Elite Electric Company

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Date Submitted: 09/27/2012 07:38 AM

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Treating an organization as a system is critically important to its success.

The fundamental elements of system approach include:

1. There are many variables within a system.

2. The parts of a system are interdependent.

3. There are many subsystems contained within larger systems.

4. Systems generally require inputs, engage in some process, and produce output.

5. The input-process-output mechanism is cyclical and self-sustaining.

6. Systems produce both positive and negative results.

7. Systems produce both intended and unintended consequences.

8. The consequences of systems may be short-term, long-term, or both.

Holistic organization behavior interprets people– organization relationships in terms of the whole person, whole group, whole organization, and whole social system. It takes an across-the board view of people in organizations in an effort to understand as many of the factors as possible that influence people’s behavior.

A systems viewpoint should be the concern of every person in an organization. The clerk at a service counter, the machinist, and the manager all work with people and thereby influence the behavioral quality of life in an organization and the organization’s outputs. Managers, however, tend to have a larger responsibility, because they are the ones who make more of the decisions affecting human issues, and most of their daily activities are people-related.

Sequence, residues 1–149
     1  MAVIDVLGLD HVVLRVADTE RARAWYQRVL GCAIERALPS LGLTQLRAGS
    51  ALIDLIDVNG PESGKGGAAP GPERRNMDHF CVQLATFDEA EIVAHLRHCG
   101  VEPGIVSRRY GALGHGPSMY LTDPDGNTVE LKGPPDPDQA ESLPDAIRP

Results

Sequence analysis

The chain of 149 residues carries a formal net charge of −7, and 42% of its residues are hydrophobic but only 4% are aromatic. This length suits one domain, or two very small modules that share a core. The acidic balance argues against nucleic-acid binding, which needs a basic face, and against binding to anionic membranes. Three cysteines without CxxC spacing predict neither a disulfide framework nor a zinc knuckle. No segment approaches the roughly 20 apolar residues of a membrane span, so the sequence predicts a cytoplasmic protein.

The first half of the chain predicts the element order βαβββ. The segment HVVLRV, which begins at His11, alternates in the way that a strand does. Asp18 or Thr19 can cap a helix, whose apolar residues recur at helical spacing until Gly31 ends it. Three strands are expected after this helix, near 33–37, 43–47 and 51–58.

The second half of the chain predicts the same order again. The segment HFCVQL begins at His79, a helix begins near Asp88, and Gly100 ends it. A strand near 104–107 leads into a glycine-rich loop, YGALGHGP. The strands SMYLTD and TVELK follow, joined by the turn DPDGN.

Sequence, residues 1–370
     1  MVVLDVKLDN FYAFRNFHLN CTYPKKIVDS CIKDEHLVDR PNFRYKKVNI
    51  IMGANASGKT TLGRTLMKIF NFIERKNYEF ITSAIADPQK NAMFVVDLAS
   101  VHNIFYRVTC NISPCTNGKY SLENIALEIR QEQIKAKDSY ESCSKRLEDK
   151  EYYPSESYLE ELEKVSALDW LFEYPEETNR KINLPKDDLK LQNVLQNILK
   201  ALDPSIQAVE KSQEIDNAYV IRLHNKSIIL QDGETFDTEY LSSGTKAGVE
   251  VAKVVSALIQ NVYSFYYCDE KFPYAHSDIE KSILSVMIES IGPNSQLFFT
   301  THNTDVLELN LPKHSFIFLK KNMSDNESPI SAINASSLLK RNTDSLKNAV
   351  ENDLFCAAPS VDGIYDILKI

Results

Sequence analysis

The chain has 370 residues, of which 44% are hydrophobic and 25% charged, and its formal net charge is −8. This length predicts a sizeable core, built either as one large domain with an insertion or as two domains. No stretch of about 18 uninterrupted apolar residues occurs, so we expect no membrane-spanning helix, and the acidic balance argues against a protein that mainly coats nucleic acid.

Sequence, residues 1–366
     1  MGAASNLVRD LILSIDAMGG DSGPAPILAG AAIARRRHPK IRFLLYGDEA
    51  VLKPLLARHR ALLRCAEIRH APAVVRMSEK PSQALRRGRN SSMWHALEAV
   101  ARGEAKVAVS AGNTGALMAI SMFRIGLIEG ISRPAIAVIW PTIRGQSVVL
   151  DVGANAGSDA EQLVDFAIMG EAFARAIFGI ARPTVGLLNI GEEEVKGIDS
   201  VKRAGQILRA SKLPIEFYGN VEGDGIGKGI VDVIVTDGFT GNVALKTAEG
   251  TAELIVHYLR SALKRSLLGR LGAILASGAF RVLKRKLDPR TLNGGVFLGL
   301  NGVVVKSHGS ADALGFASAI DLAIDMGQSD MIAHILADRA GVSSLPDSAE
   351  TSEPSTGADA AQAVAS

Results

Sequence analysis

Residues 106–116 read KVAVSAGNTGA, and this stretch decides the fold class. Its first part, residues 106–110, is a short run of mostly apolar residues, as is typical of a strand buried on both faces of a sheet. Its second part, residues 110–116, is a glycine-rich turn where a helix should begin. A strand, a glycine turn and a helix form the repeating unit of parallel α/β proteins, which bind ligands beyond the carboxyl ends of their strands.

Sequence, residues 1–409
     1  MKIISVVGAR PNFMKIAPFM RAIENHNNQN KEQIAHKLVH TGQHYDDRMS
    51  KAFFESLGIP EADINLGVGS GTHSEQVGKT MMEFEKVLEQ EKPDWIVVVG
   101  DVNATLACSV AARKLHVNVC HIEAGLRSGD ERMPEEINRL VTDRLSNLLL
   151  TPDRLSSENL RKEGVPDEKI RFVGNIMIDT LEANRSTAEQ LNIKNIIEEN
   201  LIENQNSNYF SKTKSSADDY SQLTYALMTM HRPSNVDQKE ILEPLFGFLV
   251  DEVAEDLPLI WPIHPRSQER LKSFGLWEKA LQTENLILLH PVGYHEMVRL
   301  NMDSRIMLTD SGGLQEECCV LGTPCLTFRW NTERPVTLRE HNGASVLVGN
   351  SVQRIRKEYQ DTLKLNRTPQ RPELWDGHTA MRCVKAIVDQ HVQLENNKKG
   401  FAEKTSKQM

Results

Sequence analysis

However, negatives effects as well as positive effects sometimes result from the behavioral actions of managers. It is necessary to make a cost-benefit analysis to determine whether potential actions will have a net positive or net negative effect.

These costs can include work slowdowns, higher absenteeism rates, or other consequences of work dissatisfaction. The process of creating a cost-benefit analysis also forces managers to look beyond the immediate implications of their actions.

Limitations of Organizational Behavior